A fast performer
As we mentioned up front, Netgear boxes are usually very fast. Using a dual-core, 1.5GHz Intel Atom Processor C3338 CPU and 2GB of memory, and running the BTRFS (B-TRee File System, often called the “Better” or “Butter” FS), the RN422 clocked 108MBps writing and 103MBps reading large files in CrystalDiskMark. That’s actually a bit slower than the RN212 we reviewed earlier this year, but where the RN422 really took off was with queued reads and writes: It absolutely blew away every other box we’ve tested to date. That’s particularly meaningful considering that’s the way data is generally served up these days.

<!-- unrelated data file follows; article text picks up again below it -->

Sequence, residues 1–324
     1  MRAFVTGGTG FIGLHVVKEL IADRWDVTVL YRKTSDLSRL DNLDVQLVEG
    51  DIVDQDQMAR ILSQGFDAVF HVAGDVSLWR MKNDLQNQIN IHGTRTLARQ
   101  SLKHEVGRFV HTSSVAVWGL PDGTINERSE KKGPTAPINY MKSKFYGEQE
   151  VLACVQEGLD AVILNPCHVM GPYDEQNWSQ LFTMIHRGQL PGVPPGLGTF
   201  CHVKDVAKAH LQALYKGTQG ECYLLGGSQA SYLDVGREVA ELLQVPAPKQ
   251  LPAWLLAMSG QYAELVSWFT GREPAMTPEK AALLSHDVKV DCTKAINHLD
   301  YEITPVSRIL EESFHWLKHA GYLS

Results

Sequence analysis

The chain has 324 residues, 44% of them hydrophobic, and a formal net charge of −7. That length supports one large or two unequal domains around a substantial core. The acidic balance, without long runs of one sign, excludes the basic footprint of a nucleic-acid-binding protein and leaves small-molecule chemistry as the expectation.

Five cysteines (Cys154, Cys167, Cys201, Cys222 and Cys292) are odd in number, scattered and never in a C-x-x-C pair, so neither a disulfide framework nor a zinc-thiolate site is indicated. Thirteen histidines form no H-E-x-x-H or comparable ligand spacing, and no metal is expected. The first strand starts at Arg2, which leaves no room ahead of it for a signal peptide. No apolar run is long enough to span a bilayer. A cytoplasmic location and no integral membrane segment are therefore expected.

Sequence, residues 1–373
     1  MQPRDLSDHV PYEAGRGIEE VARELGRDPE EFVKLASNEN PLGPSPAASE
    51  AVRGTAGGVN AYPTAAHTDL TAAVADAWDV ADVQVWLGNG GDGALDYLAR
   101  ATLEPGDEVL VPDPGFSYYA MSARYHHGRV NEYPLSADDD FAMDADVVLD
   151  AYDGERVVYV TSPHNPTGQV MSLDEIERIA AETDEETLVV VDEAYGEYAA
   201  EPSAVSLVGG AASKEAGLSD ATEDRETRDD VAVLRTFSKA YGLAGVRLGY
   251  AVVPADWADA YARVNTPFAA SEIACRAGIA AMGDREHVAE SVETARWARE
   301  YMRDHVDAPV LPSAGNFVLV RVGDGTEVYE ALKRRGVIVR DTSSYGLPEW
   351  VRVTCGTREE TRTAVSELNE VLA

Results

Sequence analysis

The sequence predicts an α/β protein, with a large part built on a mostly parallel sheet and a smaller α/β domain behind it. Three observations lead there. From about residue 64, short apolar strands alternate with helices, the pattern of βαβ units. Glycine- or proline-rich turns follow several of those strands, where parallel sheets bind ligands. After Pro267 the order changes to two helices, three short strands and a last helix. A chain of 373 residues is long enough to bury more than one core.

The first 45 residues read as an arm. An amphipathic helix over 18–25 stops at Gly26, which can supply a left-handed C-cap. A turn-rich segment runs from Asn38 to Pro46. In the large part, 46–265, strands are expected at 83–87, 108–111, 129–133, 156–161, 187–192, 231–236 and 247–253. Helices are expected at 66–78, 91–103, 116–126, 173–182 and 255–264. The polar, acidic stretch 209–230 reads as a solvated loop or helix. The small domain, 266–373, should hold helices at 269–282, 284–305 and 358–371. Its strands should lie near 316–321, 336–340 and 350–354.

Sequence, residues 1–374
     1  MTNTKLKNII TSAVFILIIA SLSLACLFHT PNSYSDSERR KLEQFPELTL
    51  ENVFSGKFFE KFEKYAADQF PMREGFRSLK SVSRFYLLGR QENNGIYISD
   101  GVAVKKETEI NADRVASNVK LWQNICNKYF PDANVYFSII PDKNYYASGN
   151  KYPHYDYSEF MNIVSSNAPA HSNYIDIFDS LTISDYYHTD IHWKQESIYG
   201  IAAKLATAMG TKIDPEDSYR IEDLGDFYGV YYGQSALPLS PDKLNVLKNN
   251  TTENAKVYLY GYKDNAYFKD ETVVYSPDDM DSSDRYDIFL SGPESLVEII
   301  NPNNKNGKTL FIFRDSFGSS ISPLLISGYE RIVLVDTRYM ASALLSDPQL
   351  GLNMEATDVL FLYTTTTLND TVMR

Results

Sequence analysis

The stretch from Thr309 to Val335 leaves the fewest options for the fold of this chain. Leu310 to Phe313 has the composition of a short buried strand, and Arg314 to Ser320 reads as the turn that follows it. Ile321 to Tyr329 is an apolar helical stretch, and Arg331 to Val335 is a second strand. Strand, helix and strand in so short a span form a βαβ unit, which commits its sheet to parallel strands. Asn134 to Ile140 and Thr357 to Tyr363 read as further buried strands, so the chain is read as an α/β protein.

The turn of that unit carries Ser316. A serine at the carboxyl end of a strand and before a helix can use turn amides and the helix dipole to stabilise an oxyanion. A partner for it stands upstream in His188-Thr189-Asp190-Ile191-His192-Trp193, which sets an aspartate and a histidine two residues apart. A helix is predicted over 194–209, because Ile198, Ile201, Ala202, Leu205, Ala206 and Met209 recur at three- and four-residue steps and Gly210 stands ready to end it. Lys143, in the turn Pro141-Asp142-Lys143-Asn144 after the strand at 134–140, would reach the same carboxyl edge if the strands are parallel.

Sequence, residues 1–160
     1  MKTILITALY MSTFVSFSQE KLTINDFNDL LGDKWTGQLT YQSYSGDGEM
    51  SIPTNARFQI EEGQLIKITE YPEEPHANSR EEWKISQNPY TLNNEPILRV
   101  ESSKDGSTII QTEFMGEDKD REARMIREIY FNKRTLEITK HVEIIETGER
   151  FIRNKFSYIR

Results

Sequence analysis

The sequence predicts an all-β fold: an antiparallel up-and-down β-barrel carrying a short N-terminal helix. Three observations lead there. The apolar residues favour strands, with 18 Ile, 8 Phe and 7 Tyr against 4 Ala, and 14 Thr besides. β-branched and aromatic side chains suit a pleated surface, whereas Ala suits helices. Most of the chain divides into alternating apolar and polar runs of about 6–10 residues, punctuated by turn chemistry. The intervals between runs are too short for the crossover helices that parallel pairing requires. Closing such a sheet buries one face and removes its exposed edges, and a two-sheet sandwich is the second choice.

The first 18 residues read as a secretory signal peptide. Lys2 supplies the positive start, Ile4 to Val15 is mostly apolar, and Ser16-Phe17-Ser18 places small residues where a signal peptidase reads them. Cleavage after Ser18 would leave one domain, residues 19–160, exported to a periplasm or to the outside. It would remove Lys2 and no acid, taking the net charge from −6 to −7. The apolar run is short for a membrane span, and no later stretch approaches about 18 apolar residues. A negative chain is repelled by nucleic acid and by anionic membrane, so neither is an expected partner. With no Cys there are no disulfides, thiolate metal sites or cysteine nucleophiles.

In our own real-world 20GB large-file copy tests, the RN422 read dead steady at 111MBps and wrote at 114MBps. With our 20GB mix of smaller files and folders, it managed 87MBps reading and 77MBps writing. Those are very good numbers.
Subjectively, the RN422 was a joy to use. The configuration pages popped up quickly and we didn’t spend a lot of time waiting for folders to open or for the box to appear. The streaming performance was exceptional, with five devices streaming 720p video from the RN422 simultaneously with ease.
We like it
The average user might be better off with a cheaper, easier WD My Cloud (avoid the newer and dead-slow WD My Cloud Home) or Seagate Personal Cloud. But if you’re looking for something faster, even more reliable, and that has the exoskeleton to withstand major abuse, the RN422 is a great product. To be honest, we’d keep it plugged into the network in lieu of a lot of other boxes—including those we just mentioned—simply because of BTRFS and its performance.